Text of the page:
By Amy Dockser Marcus
A second high-profile paper in the long-running XMRV saga has been retracted, although an NIH study looking at the issue will continue.
The paper in question, published in August of 2010 in the Proceedings of the National Academy of Sciences, looked at the blood of patients with chronic fatigue syndrome and healthy blood donors. The authors, which include NIH infectious-disease specialist Harvey Alter, found a family of retroviruses called MLV-like viruses in 32 of 37 patients with CFS, as well as in three of 44 healthy blood donors.
Although the PNAS paper did not find XMRV, it was seen by many as supporting the finding of a link between CFS and XMRV (which is in the same family of retroviruses described in the PNAS paper) reported in an earlier paper authored by a different group of scientists and published in Science. That journal’s editors retracted that paper last week, saying they no longer believed its conclusions were valid.
The retraction statement for the PNAS study, signed by all the paper’s authors, said that the published findings were reproducible in the authors’ labs, and that there had been no evidence of contamination in the testing or the blood samples. But mounting data from further studies in the authors’ labs as well as from other studies that “do not consistently demonstrate an association between MLV and CFS” mean that “any association is now viewed as tenuous” and that the paper should be retracted.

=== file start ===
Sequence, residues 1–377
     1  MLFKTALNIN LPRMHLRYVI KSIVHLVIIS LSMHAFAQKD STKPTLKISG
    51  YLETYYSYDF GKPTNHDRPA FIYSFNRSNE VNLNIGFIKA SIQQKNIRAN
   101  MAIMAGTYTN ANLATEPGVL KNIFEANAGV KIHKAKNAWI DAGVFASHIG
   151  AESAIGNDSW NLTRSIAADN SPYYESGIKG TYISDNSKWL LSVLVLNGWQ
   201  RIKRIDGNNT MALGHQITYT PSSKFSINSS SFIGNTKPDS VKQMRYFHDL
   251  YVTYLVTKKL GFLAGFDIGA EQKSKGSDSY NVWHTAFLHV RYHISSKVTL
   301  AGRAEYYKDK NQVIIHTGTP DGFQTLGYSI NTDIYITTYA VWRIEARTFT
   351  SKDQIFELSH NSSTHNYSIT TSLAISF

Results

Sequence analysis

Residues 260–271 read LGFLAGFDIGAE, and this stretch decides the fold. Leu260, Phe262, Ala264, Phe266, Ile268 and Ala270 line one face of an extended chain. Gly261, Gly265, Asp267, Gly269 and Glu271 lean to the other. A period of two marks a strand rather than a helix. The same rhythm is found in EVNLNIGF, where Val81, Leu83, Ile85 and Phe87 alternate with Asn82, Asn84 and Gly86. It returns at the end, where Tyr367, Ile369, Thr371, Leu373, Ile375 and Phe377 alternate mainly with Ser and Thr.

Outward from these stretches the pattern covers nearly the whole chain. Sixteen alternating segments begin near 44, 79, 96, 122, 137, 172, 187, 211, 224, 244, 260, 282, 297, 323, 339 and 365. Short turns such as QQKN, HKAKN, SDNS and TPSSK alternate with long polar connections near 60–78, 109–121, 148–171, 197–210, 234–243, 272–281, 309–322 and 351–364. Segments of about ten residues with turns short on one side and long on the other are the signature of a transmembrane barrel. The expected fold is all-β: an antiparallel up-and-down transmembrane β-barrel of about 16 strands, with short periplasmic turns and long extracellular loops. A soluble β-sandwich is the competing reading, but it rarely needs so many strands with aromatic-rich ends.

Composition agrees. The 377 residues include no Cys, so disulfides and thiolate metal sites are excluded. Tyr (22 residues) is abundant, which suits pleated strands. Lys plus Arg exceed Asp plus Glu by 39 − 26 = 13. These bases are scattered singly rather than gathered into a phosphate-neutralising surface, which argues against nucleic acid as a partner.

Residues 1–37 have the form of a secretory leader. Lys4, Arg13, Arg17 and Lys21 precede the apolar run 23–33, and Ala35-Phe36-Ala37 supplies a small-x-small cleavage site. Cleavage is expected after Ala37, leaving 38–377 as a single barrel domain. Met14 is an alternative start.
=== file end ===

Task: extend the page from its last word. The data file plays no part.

The statement cited a number of concerns, including an insufficient number of original CFS patient samples to distribute to independent labs for more testing. It also cited a September paper by the Blood XMRV Scientific Research Working Group that found nine labs — including one of the labs involved in the PNAS paper — testing for XMRV or evidence of XMRV infection in the blood of CFS patients and healthy donors either didn’t find the retrovirus or couldn’t reproduce their findings.
Randy Schekman,who was the editor of PNAS when the paper was published, tells the Health Blog that in late September, after the working group’s results were published and the authors of the Science paper issued a partial retraction of some of their data, he reached out to Alter to express his concerns.
Alter said that they had not found any evidence of contamination, but acknowledged that that they lacked enough original CFS patient samples to do additional testing.
At that point, Schekman says he said some sort of statement needed to be made. When the editors and scientists read it, Schekman says they realized it amounted to a retraction.
The retraction of the two key XMRV-related papers puts the spotlight on one remaining study: a large NIH-funded project directed by virus hunter Ian Lipkin. This study is taking new samples from CFS patients and healthy people in different locations around the country and looking for evidence of retroviruses and other viruses.
When the Health Blog asked Lipkin whether the latest retractions would derail that study — the results of which are expected in 2012 — he wrote, “I can’t keep track of who is retracting what. Editors are at odds with authors who are frequently at odds with one another.”
Lipkin added that there will be an opportunity to explore hypotheses other than that the disease is due to XMRV or MLV infection.
He said that all the scientists and doctors involved in the NIH study — including Alter, and other co-authors of the retracted PNAS and Science papers — “are committed to completing this study because none of us believes that the issue of retroviral infection in CFS/ME is resolved.”